Get an extra boost of nourishment from one of these hard-working products
    Paul Scholes column: The more Jose Mourinho attempts to influence match officials, the more they are likely to ignore him

    Paul Scholes column

    The more Jose Mourinho attempts to influence match officials, the more they are likely to ignore him
    Frank Warren column: No cigar, but pots of money: here come the Cubans

    Frank Warren's Ringside

    No cigar, but pots of money: here come the Cubans
    Isis hostage crisis: Militant group stands strong as its numerous enemies fail to find a common plan to defeat it

    Isis stands strong as its numerous enemies fail to find a common plan to defeat it

    The jihadis are being squeezed militarily and economically, but there is no sign of an implosion, says Patrick Cockburn
    Virtual reality thrusts viewers into the frontline of global events - and puts film-goers at the heart of the action

    Virtual reality: Seeing is believing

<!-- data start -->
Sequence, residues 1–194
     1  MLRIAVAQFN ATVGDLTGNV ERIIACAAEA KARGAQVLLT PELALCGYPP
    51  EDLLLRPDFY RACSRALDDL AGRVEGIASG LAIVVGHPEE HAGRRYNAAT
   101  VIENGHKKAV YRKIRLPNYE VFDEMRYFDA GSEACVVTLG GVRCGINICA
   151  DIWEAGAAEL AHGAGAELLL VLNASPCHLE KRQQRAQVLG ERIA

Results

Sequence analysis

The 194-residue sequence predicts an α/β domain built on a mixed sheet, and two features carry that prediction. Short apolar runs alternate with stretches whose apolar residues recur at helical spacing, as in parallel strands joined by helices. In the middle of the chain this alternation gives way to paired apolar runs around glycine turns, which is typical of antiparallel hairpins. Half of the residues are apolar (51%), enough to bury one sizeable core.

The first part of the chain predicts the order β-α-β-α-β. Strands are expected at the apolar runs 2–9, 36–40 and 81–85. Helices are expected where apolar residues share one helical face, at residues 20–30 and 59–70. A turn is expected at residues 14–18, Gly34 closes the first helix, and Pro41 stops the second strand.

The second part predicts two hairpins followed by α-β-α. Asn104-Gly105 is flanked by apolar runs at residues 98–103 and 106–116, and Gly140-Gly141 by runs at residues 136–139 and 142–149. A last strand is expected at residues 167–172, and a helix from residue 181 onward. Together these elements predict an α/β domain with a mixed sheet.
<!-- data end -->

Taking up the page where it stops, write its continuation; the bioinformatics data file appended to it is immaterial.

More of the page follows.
Virtual reality thrusts viewers into the frontline of global events - and puts film-goers at the heart of the action
    Homeless Veterans appeal: MP says Coalition ‘not doing enough’

    Homeless Veterans appeal

    MP says Coalition ‘not doing enough’ to help
    Larry David, Steve Coogan and other comedians share stories of depression in new documentary

    Comedians share stories of depression

    The director of the new documentary, Kevin Pollak, tells Jessica Barrett how he got them to talk
    Has The Archers lost the plot with it's spicy storylines?

    Has The Archers lost the plot?

    A growing number of listeners are voicing their discontent over the rural soap's spicy storylines; so loudly that even the BBC's director-general seems worried, says Simon Kelner
    English Heritage adds 14 post-war office buildings to its protected lists

    14 office buildings added to protected lists

    Christopher Beanland explores the underrated appeal of these palaces of pen-pushing